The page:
Having an SSIS Component “Wait” Until a Condition is met or a Time Period Passes

*This is an old post of mine from my employer’s old blog site that I had not moved here.  I remembered about it when I was trying to do something similar and figured I’d post it.  Today I would probably do it in C# using a timer or Thread.sleep.

For a recent project, my colleague (@craigblevin) and I found ourselves reloading a QA environment of a Data Warehouse from scratch. In this case, our source data consisted of all flat files – upwards of 70 gigs worth. In normal operation, our ETL easily handled the incremental data, but we found that reloading all of the data at once choked up our minimally resourced SQL Server. So we broke the files up into more manageable chunks and ran them one at a time (in this case going back to modify our DW ETLs themselves to process one file at a time was not an expedient option). After spending the better part of a weekend taking turns checking on the progress, manually moving a file, and starting the SQL job again, we realized we could build another SSIS package to take care of this for us. But how to make sure the previous run was complete before copying over the next file and restarting the job?

Set up a For Each File Loop

The first step was to set up a simple For Each File Loop in SSIS. In this case, as depicted below, we wanted to move 1 file at a time from our staging directory into our processing folder.

Once the file was in the processing folder, our package fired the SQL Job to start the deployed SSIS packages to load the DW.

Check for the job to finish

Once the deployed job was running, we had to know when it was completed so the package could start the next file sequentially. For this we created a For Loop which contained an Execute SQL Task which checked our custom DW Audit tables to see if the job was completed. The SQL Task simply set variable @IsLoadComplete == 1 when the last run was complete, and the For Loop continued until @IsLoadComplete = 1.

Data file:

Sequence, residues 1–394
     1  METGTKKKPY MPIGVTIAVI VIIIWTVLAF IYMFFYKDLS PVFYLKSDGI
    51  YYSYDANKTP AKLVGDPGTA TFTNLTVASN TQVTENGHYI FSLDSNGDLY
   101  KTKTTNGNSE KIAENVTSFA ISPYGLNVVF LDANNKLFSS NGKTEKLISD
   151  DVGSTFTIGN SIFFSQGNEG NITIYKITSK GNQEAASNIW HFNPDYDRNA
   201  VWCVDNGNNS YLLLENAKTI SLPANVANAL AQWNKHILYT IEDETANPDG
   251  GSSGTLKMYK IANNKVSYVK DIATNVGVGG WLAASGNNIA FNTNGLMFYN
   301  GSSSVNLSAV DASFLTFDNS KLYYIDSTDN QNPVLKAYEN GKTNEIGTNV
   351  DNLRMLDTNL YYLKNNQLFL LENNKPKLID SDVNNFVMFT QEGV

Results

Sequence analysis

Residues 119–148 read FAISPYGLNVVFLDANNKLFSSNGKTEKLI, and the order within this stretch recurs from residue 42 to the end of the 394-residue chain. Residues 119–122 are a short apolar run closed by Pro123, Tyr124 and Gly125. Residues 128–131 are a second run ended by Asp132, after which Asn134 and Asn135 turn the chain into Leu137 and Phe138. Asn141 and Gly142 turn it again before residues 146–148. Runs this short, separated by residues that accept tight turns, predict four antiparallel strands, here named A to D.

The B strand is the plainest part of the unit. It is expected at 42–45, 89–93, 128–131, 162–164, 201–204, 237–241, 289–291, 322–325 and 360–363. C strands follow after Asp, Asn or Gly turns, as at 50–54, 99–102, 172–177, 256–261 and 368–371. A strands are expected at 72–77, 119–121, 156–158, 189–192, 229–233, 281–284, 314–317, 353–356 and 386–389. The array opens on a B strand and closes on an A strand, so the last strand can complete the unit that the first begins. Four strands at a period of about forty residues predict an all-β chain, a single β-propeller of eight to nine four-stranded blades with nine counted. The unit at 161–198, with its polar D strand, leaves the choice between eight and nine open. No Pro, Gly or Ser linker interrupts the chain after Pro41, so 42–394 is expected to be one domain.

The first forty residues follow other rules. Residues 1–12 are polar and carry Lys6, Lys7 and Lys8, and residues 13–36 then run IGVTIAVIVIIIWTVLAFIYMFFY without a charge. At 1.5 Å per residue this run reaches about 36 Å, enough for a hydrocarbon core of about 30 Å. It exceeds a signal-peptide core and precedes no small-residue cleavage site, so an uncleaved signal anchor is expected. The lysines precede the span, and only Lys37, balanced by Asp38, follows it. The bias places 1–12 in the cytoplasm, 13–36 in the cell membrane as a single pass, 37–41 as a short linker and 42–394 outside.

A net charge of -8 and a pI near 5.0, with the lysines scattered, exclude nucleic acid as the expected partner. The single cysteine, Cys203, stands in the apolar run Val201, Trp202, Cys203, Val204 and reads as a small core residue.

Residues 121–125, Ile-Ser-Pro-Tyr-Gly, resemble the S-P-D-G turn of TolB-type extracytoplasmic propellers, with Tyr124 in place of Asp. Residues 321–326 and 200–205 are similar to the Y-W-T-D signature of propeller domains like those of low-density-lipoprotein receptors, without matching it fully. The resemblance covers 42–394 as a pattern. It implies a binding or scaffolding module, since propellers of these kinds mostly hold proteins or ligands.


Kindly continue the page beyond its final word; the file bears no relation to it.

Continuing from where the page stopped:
This led to a problem though – the Loop Until Complete container would execute the SQL Task continuouslyuntil the loop condition was met.  We did not want to constantly query the server tens of thousands of times until the job was complete.

Have SSIS wait a specified period of time

Since SSIS does not have a native “Wait” task, our quick solution was to create a nested For Loop that does nothing with an evaluation expression that checks the current time until its 10 minutes after the start time of the container. This causes the “Check” SQL statement to run only once per 10 minutes.

EvalExpression: DATEADD(“mi”, 10, @[System::ContainerStartTime]) > GETDATE()

(The finished product is below (ignore the warning on the send mail task).

How does it perform?

In our case, since we were just loading a QA environment and wanted a quick and dirty solution, we were not concerned with performance.  We successfully allowed this design to run in VS on our local medium powered machine overnight while processing multiple files without issue. However, a quick check of CPU usage did show a 30% spike in CPU usage – so in the end this solution won’t win any performance awards.

In hindsight, was there a better way? (hint: yes)

While writing this post, and checking the CPU usage, I started thinking there had to be a more efficient way. Since I am not a programmer by nature, I went straight for available SSIS components instead of opening up a script task. But a quick search for “SSIS Script Task Wait” found several examples (such as Mike Davis) of doing this with a Script Task – and sure enough using a Script Task with code such as below, performs the same function with much less CPU usage.

Credit to http://www.bidn.com/blogs/MikeDavis/ssis/158/make-an-ssis-package-delay-or-wait-for-data for the below Script Task code.

Public Sub Main()
Dimsec As Double= Convert.ToDouble(Dts.Variables("intDelayTime").Value)
Dimms AsInt32 = Convert.ToInt32(sec * 1000)
Dts.TaskResult = ScriptResults.Success
End Sub

So if we had to do it again, replacing the “Do Nothing” For Loop with a Script Task such as the above would probably be less resource intensive and accomplish the same thing!

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